On 31 October 1961, Basingstoke Borough Council signed an agreement with the then London County Council, which would offer homes and employment to 11,500 families from London. This began the transformation of Basingstoke which carries on today. The town is a good place to live, with an excellent hospital, good shopping and in the Anvil, a world-class concert hall.
But Basingstoke was not a new town; it is mentioned in the Domesday Book of 1086 at which time the parish church of St Michael already existed and the town had a market and 3 mills. In 1214 market day was fixed by royal charter to take place on a Wednesday and has been so ever since.
Many people know the ruined chapel just north of the railway line. This was the town’s graveyard for 700 years from the 13th century until the early 20th. The ruins of 2 chapels are here – one dedicated to the Holy Ghost from the 13th century and the other dedicated to the Holy Trinity from about 1525, which was built by William Sandys of the Vyne as a burial place for him and his family. For a description of the chapels and a trail around the cemetery, visit the Basingstoke Heritage Society website www.bas-herit-soc.org
During the English Civil War (1641-1651), Basing House was besieged for several years until, in 1645, Oliver Cromwell himself turned up to finalize the matter. He stayed in the Falcon Inn in London Street, roughly where The Light Lounge is today.
A story associated with the old cemetery is that of Mrs Blunden, who was buried alive there in 1674. This shocking story was the subject of a leaflet published in London, which claimed that the town had been fined ‘a great fine’ but there is no evidence that this was true.
Basingstoke is a town where many roads meet and it became an important town for the coaching trade with its heyday in the late 18thand early 19th centuries. Inns such as the George (now Zizzi’s) and the Red Lion were all places where travellers and carriers changed horses at all hours of the day and night. South of the town, Fairfields provided much grazing and fodder to service this substantial trade.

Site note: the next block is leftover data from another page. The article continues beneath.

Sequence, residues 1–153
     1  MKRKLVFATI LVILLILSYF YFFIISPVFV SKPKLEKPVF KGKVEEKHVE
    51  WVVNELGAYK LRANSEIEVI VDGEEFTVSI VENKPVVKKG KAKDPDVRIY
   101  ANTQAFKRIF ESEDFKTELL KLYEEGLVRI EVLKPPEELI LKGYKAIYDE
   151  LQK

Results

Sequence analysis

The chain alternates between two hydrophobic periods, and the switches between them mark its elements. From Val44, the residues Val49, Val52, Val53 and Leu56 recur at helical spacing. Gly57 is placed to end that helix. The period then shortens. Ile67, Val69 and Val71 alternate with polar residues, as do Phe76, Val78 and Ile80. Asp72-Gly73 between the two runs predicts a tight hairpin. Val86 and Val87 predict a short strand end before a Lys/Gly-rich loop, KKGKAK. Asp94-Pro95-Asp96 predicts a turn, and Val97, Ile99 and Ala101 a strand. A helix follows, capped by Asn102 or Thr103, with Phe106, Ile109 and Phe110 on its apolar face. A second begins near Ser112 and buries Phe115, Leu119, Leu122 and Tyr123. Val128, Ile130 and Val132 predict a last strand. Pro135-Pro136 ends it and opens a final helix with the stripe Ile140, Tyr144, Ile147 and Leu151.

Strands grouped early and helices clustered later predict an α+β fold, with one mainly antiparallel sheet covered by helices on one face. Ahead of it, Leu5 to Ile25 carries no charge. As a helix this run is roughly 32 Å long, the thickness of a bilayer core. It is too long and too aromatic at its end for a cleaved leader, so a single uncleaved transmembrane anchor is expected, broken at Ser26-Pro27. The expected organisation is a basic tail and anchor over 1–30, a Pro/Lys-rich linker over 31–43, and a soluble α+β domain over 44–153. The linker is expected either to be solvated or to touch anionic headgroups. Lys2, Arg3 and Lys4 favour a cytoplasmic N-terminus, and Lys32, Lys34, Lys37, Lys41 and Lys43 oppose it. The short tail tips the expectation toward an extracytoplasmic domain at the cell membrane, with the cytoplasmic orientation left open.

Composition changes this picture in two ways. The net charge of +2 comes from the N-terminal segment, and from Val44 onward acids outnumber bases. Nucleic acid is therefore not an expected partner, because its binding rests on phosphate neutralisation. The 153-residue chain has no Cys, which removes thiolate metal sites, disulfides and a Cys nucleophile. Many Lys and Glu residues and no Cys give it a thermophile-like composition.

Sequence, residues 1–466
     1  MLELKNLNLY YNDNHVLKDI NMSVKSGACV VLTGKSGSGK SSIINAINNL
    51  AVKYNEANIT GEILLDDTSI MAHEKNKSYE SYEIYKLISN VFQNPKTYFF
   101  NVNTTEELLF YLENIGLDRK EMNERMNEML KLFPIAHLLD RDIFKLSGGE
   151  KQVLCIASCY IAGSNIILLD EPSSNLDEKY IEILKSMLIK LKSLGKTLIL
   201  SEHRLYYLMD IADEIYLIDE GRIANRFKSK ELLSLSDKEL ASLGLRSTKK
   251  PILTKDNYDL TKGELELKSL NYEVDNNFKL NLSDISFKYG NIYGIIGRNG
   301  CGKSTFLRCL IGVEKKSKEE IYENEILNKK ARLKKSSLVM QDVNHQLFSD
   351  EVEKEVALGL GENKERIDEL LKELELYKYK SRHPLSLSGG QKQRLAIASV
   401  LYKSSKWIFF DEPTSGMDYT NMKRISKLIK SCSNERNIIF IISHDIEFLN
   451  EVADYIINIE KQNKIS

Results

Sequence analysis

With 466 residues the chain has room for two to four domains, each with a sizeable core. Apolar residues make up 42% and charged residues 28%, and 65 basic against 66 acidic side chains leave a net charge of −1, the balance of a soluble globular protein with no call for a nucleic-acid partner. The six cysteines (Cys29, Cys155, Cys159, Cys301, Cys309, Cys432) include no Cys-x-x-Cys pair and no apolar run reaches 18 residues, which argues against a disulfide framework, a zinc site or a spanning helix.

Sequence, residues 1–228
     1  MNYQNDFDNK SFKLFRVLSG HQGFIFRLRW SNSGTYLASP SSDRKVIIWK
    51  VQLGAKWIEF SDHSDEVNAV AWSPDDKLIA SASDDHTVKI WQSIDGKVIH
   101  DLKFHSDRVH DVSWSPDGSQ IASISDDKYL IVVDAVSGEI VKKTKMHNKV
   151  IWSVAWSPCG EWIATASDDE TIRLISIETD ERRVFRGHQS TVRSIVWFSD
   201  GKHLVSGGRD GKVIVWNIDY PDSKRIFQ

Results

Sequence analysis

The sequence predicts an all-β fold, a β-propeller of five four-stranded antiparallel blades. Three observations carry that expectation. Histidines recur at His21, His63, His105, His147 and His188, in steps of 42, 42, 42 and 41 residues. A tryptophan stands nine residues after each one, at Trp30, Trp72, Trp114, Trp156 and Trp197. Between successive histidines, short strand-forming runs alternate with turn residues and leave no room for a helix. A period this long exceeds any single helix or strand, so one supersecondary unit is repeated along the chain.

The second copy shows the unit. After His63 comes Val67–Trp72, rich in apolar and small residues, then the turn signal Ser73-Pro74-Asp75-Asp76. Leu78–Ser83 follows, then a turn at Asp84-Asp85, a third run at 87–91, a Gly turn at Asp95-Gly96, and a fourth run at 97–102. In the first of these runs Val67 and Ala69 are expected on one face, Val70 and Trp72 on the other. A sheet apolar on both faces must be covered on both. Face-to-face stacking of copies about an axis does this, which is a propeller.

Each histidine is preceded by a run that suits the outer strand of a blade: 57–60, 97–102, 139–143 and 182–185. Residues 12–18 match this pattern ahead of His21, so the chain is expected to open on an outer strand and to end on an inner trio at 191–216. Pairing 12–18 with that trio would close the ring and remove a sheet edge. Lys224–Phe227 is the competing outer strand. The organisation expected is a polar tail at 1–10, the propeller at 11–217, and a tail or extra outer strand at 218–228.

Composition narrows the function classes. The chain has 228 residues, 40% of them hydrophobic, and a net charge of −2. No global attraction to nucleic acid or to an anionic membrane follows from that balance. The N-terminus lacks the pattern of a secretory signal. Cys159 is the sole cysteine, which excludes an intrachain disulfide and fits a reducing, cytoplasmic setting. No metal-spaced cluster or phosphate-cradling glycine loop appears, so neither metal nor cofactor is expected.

The Basingstoke Canal opened in 1796 and carried all kinds of goods and even passengers to London. This permitted the development of foundries, the most famous and lasting of which became the firm of Wallis and Steevens. The coming of the railway in 1839 allowed other industry to flourish and ended the coaching trade.
Jane Austen 1775-1817, whose father was rector at nearby Steventon, danced at Assemblies held in the town.
Thomas Hardy put Basingstoke literally onto his map of Wessex, inventing the name Stoke Barehills for the town. In Jude the Obscure he writes about the railway, which was a junction for the London and Reading lines, which had different gauges and separate stations.
Other famous townspeople include Thomas Burberry, whose drapery business grew into today’s fashion house. His significant invention was a waterproof fabric, which he called Gabardine. At the end of WW1, Burberry was able to purchase Goldings with its parkland and to hold it until the town could raise the money to buy it as a permanent memorial to the fallen. Still known as the War Memorial Park, it retains not just the fine house known as Goldings but its 18th century parkland, with ha-ha.
Poet and broadcaster, John Arlott was born in the cemetery lodge on Chapel Hill and educated at Queen Mary’s Grammar School – for older people, he is still ‘the voice of cricket’.
For more information, get a copy of the Town Trail - a self-guided walk around 45 sites of interest from the Market Place to Eastrop Park available from the Library and the Willis Museum.
Kindly submitted by Debbie Reavell Basingstoke Heritage Society